How Drama Off The Floor Is Bad For The On-Court Product In The NBA


#NBATwitter took over Twitter years ago. One of the peak standout moments was when Blake Griffin blocked free agent DeAndre Jordan in his house by moving a chair in front of his front door, trying to sway the free agent to stay with the Los Angeles Clippers. This was peak #NBATwitter.

The NBA has embraced drama off the court. While some people don’t like it, there are plenty that do. I am in the field that doesn’t love it, but I understand it. I would much rather talk about what’s going on, ON the court. Not off of it. I want to discuss if the Oklahoma City Thunder who, going into the season, was the second youngest roster in the NBA, can win a championship. They would be the second youngest average aged team to win a championship — after the Portland Trail Blazers in 1977.

But instead we are talking about Draymond Green calling Jusuf Nurkic a coward and Nurkic saying Green doesn’t deserve a second chance.

On the Bald Faced Truth with John Canzano (Afternoons 3-6 p.m.), Canzano talked about the drama in the NBA and questioned if it is even good for the league.

“Is what’s going on between Draymond Green and Jusuf Nurkic good for the game?,” Canzano asked on 750 The Game. “In the same way that Roger Goodell’s league (the NFL) celebrates the idea that great players, great performances elevate the NFL in to becoming the world’s most powerful, most viewed, most valuable sporting league. Is the NBA losing its way one diss at a time? With athletes like Draymond Green tearing down other athletes. Guys like Jusuf Nurkic barking back. The league seemingly has, not just with Draymond Green but with other players, the thinnest skin superstars anywhere in sports.”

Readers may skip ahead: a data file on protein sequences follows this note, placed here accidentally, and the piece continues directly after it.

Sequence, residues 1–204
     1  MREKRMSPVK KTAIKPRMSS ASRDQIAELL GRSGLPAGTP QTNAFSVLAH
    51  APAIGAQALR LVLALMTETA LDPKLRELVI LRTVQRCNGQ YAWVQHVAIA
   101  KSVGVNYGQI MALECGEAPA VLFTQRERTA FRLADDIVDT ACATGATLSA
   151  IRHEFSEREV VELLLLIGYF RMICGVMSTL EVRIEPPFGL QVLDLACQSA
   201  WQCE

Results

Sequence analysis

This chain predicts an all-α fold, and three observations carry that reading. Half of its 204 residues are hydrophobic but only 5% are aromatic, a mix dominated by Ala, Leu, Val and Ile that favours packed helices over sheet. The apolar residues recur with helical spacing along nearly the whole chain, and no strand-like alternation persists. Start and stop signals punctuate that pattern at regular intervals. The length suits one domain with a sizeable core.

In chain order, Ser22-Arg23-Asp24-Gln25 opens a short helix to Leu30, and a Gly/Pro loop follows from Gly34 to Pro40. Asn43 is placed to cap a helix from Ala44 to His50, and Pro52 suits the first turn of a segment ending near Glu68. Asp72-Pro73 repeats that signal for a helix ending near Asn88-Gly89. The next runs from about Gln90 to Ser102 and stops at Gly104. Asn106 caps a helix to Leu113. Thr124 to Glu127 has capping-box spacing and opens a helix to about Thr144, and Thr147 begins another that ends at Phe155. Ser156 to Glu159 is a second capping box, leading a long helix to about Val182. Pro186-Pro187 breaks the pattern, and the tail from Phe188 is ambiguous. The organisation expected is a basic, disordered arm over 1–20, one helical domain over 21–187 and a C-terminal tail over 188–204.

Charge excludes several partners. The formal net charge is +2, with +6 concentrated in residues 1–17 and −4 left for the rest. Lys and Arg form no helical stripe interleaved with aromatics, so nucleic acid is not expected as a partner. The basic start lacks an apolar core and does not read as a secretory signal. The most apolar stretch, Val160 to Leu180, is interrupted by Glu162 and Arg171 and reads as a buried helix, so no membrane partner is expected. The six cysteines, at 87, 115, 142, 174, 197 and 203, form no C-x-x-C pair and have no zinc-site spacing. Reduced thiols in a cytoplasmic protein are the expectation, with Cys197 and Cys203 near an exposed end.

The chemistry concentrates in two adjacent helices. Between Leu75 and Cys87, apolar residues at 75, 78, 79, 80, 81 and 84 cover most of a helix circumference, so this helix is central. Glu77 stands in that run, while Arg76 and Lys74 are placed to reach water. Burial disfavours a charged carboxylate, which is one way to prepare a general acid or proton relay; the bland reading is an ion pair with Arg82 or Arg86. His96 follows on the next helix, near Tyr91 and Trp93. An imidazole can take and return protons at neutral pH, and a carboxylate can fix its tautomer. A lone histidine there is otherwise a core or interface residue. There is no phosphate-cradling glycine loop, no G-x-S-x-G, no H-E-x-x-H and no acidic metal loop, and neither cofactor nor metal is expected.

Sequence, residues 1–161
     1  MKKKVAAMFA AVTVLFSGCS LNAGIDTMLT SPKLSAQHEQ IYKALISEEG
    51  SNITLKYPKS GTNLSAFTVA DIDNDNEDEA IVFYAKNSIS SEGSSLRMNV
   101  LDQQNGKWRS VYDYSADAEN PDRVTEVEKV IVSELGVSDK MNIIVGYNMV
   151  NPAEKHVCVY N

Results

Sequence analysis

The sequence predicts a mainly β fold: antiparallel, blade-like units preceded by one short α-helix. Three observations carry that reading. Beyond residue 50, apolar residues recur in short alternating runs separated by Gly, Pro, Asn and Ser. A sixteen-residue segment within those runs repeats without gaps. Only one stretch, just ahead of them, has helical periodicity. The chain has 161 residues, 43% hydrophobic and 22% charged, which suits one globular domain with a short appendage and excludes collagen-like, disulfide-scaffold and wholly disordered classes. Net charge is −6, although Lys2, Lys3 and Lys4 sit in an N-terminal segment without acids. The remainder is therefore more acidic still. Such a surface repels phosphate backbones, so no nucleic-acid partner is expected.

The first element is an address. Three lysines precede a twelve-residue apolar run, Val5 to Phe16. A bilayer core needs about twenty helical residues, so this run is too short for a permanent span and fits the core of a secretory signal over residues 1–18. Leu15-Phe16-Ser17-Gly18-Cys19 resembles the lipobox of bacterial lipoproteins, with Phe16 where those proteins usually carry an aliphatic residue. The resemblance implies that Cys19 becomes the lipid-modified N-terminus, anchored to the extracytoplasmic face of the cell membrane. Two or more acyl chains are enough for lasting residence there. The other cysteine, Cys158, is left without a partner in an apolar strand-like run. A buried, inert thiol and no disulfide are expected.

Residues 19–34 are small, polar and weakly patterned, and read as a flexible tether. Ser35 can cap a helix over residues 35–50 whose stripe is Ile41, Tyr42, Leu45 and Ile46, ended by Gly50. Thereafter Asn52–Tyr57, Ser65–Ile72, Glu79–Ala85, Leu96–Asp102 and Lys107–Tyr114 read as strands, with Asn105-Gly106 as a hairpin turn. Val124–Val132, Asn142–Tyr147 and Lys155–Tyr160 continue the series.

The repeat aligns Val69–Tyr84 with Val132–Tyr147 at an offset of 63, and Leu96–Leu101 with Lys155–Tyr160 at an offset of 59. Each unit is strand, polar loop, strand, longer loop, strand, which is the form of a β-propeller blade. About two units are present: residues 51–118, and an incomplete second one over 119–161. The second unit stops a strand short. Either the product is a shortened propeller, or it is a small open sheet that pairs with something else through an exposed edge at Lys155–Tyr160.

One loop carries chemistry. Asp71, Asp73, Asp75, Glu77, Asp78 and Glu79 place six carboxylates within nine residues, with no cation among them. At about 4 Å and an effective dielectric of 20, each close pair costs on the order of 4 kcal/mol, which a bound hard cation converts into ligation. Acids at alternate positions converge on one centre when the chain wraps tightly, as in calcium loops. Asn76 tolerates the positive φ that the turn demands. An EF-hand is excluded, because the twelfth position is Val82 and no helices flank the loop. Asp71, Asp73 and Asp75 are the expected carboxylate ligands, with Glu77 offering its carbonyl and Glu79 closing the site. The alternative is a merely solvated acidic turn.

The players in the league like to come across as very confident and that they don’t do anything wrong (when they complain to the refs after every foul called). Canzano thinks that all of the talking off the court shows that these NBA superstars lack confidence. And if they were actually as good as they say, all of this would be solved on the court.

“I think it’s terrible when you are tearing down the fabric of the league internally,” Canzano said. “And I’m tired of, not just Draymond Green, but the clapping back and the thin skin and rabbit ears. It just sort of smacks as a lack of confidence. It goes both ways in this spat. Like Jusuf Nurkic does outweigh Draymond Green by about 60-80 pounds. He’s six inches taller. Bigger guy. Exert your will on the court.”

My fear is that the NBA becomes too gimmicky. Full of larger then life characters like the WWE, or UFC. Canzano says in the UFC it works and they need to cause the drama to make money. The NBA is on a completely different level that doesn’t have to have fake drama.

“As the UFC and Dana White will tell you. The reason they do the weigh-ins and they have the fighters glare at each other is to create this false drama that helps sell pay per views to subscriptions to the fight events. The NBA doesn’t need that. The NBA has a TV contract. I think what we have here is just a league that is filled with insecure players who have been told how great they are for most of their lives.”

I think there is a place for beef off of the court. My problem is when the NBA embraces the off court drama more than the on court storylines. It turns into a situation where fans can’t wait to see the Warriors play the Suns because of what was said by Green and Nurkic. I want to see the game between the two teams because they are two teams who have a legitimate chance to win a NBA championship.

Listen to the full segment at the start of the podcast below. Catch the Bald Faced Truth with John Canzano weekdays 3-6 p.m. in Portland exclusively on 750 The Game.